San José del Cabo - Attractions
Estero San José
After spending a few languid hours in San José del Cabo's colonially bricked and adobe-styled centre, you'll be hard-pressed to envision more-peaceful environs within the town limits. But walk south from the main plaza along Boulevard Mijares to the intersection with Juárez and swing off-road (just past the police station) down the delightful palm-lined pedestrian track called Paseo del Estero to fire up your imagination. Paseo del Estero shadows the comparatively raucous Boulevard Mijares to its west and the rivulet Arroyo San José to its east, the stream feeding into an estuary in the zona hotelera called Estero San José.
Once upon a time serving as a resting place for pirate ships in-between energetic attacks on Spanish galleons, this estuary is now a serene wildlife reserve frequented by all manner of birdlife, including white herons, frigate birds and the slightly schizophrenic sparrow hawks. Note that parts of the trail to the estuary are prone to flooding after heavy rains.
Playa del Nuevo Sol
For a leisurely taste of white sand, saltwater and good swimming conditions, head down Boulevard Mijares to the tan-friendly Playa del Nuevo Sol. A short slouch along the sand and it's welcome to the Playa de California, the eastern extension of del Nuevo Sol and such a lovely place. Those who enjoy surf fishing can make their way 2.5km (1.5mi) east of downtown to La Playita, the sandy crescent that fronts the small fishing village of Pueblo La Playa, while surfers will want to venture 2km (1.25mi) south down the highway to the sick reef and point breaks at Playa Costa Azul, colloquially known as Zipper's Beach.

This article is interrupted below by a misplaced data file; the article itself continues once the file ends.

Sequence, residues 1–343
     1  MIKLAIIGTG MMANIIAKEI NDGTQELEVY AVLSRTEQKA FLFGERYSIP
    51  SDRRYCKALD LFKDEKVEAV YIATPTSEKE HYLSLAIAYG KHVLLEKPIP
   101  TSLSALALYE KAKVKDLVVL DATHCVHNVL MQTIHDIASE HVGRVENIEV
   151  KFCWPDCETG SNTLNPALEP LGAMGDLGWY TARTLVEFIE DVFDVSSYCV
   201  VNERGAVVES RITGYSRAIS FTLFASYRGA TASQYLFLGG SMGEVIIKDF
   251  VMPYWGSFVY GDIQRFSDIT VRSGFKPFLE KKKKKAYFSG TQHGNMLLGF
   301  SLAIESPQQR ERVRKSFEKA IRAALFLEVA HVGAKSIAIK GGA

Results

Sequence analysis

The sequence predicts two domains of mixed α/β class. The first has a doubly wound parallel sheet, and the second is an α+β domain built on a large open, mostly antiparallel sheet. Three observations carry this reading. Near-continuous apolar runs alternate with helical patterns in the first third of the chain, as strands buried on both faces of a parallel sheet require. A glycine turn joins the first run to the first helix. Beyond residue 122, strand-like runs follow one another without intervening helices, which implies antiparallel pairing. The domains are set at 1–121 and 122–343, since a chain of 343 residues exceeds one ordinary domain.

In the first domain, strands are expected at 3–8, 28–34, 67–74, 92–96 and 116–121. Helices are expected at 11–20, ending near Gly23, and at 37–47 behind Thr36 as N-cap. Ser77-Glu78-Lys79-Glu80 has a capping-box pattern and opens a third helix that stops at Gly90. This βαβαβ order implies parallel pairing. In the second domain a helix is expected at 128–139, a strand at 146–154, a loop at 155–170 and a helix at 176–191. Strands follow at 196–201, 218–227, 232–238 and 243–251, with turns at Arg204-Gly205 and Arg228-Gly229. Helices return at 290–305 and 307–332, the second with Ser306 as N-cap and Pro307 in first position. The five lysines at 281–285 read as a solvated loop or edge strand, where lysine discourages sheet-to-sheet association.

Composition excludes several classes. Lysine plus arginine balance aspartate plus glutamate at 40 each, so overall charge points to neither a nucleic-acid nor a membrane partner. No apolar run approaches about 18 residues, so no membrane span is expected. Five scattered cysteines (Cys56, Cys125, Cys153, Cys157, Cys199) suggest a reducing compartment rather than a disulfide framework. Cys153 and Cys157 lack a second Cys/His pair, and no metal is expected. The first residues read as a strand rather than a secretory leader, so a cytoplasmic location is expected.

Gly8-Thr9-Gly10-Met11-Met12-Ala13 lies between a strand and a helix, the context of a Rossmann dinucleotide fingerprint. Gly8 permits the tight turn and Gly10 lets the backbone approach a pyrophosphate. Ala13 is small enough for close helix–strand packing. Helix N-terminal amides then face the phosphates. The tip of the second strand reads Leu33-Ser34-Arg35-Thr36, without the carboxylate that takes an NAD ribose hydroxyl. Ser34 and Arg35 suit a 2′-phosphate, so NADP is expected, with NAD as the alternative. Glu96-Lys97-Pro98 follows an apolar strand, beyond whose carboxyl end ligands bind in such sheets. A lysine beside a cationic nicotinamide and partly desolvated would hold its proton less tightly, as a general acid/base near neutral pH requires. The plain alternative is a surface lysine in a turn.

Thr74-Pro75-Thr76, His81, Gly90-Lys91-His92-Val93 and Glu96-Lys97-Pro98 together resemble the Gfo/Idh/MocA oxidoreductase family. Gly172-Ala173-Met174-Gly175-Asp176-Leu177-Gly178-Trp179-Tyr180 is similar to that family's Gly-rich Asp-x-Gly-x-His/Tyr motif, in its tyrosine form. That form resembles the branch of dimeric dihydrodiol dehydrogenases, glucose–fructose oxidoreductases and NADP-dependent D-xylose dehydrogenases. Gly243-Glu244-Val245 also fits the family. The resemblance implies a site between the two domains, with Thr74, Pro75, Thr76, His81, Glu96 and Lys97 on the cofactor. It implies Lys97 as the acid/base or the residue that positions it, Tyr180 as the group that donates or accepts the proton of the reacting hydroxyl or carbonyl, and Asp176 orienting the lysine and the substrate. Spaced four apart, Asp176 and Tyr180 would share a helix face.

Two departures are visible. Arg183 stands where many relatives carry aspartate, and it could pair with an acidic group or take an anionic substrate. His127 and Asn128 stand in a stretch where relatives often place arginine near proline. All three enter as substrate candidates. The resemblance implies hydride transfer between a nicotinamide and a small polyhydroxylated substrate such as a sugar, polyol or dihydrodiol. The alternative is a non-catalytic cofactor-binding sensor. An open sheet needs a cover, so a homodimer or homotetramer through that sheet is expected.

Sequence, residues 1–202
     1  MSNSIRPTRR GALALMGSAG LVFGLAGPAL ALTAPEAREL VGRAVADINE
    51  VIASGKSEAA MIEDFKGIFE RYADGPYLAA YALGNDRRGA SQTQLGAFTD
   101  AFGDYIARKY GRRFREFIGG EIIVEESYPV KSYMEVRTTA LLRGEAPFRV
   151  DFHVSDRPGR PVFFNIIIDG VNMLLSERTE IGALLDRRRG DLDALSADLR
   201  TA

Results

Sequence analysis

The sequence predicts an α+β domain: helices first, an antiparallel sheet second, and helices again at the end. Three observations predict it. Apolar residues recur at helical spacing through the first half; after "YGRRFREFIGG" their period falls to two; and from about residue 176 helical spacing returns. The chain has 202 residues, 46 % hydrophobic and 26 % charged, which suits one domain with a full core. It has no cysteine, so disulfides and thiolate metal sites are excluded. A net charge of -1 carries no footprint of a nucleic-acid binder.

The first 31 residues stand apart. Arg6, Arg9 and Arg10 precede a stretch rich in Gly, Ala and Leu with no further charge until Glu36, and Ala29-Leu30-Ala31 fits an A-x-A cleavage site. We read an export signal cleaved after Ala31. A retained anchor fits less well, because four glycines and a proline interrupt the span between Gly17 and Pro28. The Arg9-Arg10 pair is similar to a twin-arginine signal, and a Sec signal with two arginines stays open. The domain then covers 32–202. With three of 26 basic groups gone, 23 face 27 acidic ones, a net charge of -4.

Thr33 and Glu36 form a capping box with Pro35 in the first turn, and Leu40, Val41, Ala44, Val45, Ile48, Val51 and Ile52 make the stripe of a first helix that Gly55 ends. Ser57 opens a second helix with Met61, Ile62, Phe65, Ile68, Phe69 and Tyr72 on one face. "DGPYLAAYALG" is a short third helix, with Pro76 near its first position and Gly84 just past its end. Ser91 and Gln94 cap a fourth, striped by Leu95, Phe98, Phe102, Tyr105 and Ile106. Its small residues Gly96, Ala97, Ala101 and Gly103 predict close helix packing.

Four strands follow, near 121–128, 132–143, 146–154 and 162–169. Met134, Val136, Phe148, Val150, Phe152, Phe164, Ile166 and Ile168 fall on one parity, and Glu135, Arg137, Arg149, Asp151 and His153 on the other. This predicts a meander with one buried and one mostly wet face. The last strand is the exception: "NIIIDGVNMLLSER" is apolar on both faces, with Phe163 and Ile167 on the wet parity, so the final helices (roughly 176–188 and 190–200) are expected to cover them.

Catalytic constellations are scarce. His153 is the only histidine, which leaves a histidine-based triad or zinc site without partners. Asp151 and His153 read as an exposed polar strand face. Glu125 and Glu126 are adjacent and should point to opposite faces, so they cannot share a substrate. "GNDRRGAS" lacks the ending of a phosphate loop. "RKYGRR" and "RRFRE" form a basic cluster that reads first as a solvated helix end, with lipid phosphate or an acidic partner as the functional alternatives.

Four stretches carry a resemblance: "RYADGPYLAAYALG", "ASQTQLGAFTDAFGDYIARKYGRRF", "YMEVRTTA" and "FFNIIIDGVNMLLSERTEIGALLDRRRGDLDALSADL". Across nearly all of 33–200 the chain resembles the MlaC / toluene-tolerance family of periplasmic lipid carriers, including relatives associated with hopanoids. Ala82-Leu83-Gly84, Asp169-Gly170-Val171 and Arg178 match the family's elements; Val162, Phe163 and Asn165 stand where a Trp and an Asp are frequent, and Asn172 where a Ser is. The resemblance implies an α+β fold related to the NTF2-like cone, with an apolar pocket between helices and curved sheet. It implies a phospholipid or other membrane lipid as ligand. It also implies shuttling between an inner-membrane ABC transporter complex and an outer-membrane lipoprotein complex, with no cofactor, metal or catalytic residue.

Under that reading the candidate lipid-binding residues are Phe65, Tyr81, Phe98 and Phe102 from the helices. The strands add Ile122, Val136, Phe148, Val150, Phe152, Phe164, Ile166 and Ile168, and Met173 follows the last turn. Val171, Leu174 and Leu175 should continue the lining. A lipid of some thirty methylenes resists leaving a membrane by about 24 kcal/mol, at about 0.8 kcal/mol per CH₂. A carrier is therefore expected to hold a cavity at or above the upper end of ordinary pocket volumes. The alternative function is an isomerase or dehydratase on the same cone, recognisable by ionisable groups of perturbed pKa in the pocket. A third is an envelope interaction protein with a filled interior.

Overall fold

To plant your plastic bucket and spade in the many other spacious sandpits along the Bahía San José del Cabo, and wet yourself in a socially acceptable way in the process, journey west down The Corridor to the heavily footprinted foreshores of Playa Acapulquito, adjacent to Zipper's and also conducive to surfing; Playa Palmilla, a lengthy beach 1km (0.6mi) west of Acapulquito that's popular with swimmers; the breakwater-protected Playa Cabo Real, a further 7km (4.3mi) west; and Playa Santa María, a placid cove located a full 17km (10.5mi) from San José del Cabo, with fish-teeming waters that yield the best snorkelling along this stretch of peninsular coast.
The rest of Los Cabos may be dominated by modern, all-credit-cards-accepted resorts and the mock-formality of golf course clubhouses, but the county's capital has chosen to keep its historic Spanish-colonial atmosphere, laidback friendliness and natural tranquillity. These relaxing characteristics are all on show in and around the distinctly uncluttered Plaza Mijares, a breezy square where inactivity rules supreme. Looming prominently on the western side of the plaza is the mosaic-decorated Iglesia San José, a replica of the cornerstone Jesuit misión built here in 1730.
The plaza's perimeter is home to some fine restaurants where mooching pedestrians can get their fill of Mexican cuisine, from mariscos (seafood) to antojitos (traditional snacks). Also scattered around the square are numerous souvenir shops that sell all the usual Baja trinkets, like black velvet paintings, gaudily stitched super-size sombreros and wrought-iron cages containing domesticated wildlife (OK, stuffed birds). But among these are several shops selling the genuine craft and interior-design articles, such as artful ceramics, glassware, woven rugs, silver jewellery and sculptures from the mainland Mexican Huichol tribe. Running from the southeast corner of Plaza Mijares all the way to the main beach is Boulevard Mijares, where you'll find more emporiums and this low-key town's handful of gringo-frequented boozers.